Is Shazam! Too Light for Today's Moviegoer?
In a long interview, super-hero film producer Michael Uslan talked about bringing the Big Red Cheese to the silver screen, Catwoman coming back to Gotham and Keanu as Constantine.
Superhero Hype conducted a long interview with producer Michael Uslan who has been involved with many of most popular superhero movies of the past three decades, including the Batman movies.
Regarding the upcoming Shazam! movie, Superhero Hype asked Uslan: "Is it true that you're also involved with a 'Shazam!' movie? It's kind of a departure since you've set up this template for dark and serious comic book movies, and then you have Captain Marvel and the Marvel Family, who are bright and colorful and nice."
Uslan answered: "Well, you gotta take a look at the marketplace. I don't like to follow. I like to be called crazy and insane and ahead of time. I've heard it so much over my career that I kind of like it. So by going in a bit of a different direction, I think is great to be at the forefront of that. With 'Shazam!' we've got something very special in the works, and we're handling it with kid gloves and developing the script very, very slowly and making sure it's nailed. I think we're going to have some real exciting announcements later this year about that."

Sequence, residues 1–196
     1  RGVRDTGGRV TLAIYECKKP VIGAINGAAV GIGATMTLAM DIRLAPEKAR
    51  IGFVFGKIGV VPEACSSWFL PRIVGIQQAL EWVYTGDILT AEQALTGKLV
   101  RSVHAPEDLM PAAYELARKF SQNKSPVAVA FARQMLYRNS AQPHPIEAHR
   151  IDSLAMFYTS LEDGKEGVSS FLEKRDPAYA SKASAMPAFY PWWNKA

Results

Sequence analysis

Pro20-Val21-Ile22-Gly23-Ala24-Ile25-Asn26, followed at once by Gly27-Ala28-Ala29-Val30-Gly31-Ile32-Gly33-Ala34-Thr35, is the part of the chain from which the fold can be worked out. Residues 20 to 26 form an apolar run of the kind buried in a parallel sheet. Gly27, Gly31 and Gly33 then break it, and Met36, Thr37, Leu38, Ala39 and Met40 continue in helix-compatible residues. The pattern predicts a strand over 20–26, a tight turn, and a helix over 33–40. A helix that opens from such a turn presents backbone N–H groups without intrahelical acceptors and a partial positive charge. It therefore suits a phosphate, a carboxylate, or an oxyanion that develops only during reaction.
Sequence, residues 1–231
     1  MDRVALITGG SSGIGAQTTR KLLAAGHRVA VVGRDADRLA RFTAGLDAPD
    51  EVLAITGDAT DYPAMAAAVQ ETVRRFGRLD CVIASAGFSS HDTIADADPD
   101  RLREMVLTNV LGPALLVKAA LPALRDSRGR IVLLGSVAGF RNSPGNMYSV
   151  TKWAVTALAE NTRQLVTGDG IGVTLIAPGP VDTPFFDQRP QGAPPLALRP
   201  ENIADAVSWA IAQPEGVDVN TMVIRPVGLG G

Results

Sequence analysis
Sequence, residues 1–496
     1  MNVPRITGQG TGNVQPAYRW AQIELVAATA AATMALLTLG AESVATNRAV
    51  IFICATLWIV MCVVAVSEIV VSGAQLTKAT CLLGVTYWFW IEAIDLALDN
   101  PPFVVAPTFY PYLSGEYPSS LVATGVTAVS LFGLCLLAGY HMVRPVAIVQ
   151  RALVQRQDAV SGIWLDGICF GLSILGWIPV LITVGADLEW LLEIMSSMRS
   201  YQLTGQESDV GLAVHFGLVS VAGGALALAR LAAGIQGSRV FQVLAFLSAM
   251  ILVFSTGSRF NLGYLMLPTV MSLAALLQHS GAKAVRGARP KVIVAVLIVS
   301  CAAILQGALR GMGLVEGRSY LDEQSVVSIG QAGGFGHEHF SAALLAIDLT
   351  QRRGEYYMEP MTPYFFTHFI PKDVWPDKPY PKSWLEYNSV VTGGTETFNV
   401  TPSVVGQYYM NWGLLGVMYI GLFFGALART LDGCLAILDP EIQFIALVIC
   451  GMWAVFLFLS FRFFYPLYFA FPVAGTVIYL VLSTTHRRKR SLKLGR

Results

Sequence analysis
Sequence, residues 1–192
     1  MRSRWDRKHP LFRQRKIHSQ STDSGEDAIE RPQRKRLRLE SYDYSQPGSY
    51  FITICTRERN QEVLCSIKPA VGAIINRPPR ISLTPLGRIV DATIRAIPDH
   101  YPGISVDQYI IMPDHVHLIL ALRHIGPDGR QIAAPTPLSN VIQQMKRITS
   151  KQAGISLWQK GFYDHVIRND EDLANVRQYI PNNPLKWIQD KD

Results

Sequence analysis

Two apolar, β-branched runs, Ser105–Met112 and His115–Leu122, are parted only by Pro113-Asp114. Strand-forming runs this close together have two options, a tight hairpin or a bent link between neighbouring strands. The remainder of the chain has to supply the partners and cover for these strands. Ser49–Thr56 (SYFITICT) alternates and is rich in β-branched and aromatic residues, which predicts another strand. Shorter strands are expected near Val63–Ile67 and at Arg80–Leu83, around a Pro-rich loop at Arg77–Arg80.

Uslan touched on many topics, including whether Catwoman could come back to the Batman franchise after being thoroughly trashed by Halle Berry's movie. "Just keep in mind that 'Batman Begins' is a reboot. That's the operative word. Whether it's the Batman, Joker, Two-Face. Whatever comes is a complete reboot," he told Superhero Hype.
Regarding the new Swamp Thing movie produced by Joel Silver (Uslan produced the 1982 original): "It's a tremendous character, and I would love to see it done right with actual money behind it. That's something that the character has never had. There's never been money behind the productions. It's a cult favorite, and I think that there's an opportunity to mine it and treat it the right way on the right and proper size.'
Regarding the way Hollywood views superhero movies now compared to the late 1970s when Uslan started: "There's been a sea change. The studios, after me and others were in the trenches battling for 25 years, they finally get it that comic book movies are not something that will be hot one summer and then cool the next. That it's not a genre. It's an ongoing source of stories and characters the same way screenplays and plays and novels are. So they finally get that. The second thing they finally get is that no longer in their minds do they equate comic book and superheroes. They finally understand, thanks to 'Road to Perdition', thanks to 'Men in Black', thanks to 'Constantine' and 'Sin City', that no matter what you're looking for—war, Western, humor, horror, fantasy—you can find it in the comic books. The third key change: For the first 20 years, you had that snobbery, that effete sense of looking down your nose at comic books. That generation is either gone or fast vanishing. The new generation of execs, agents and the talent pool are people who grew up with comics, they respect comics, they respect the artists and the writers and the editors, and as a result of that, not only do they embrace it, but the #1 talent pool for movies, TV and animation are coming out of the comic book field as well as the video field. And that is a tremendous change. I think we're in the Golden Age of comic book movies."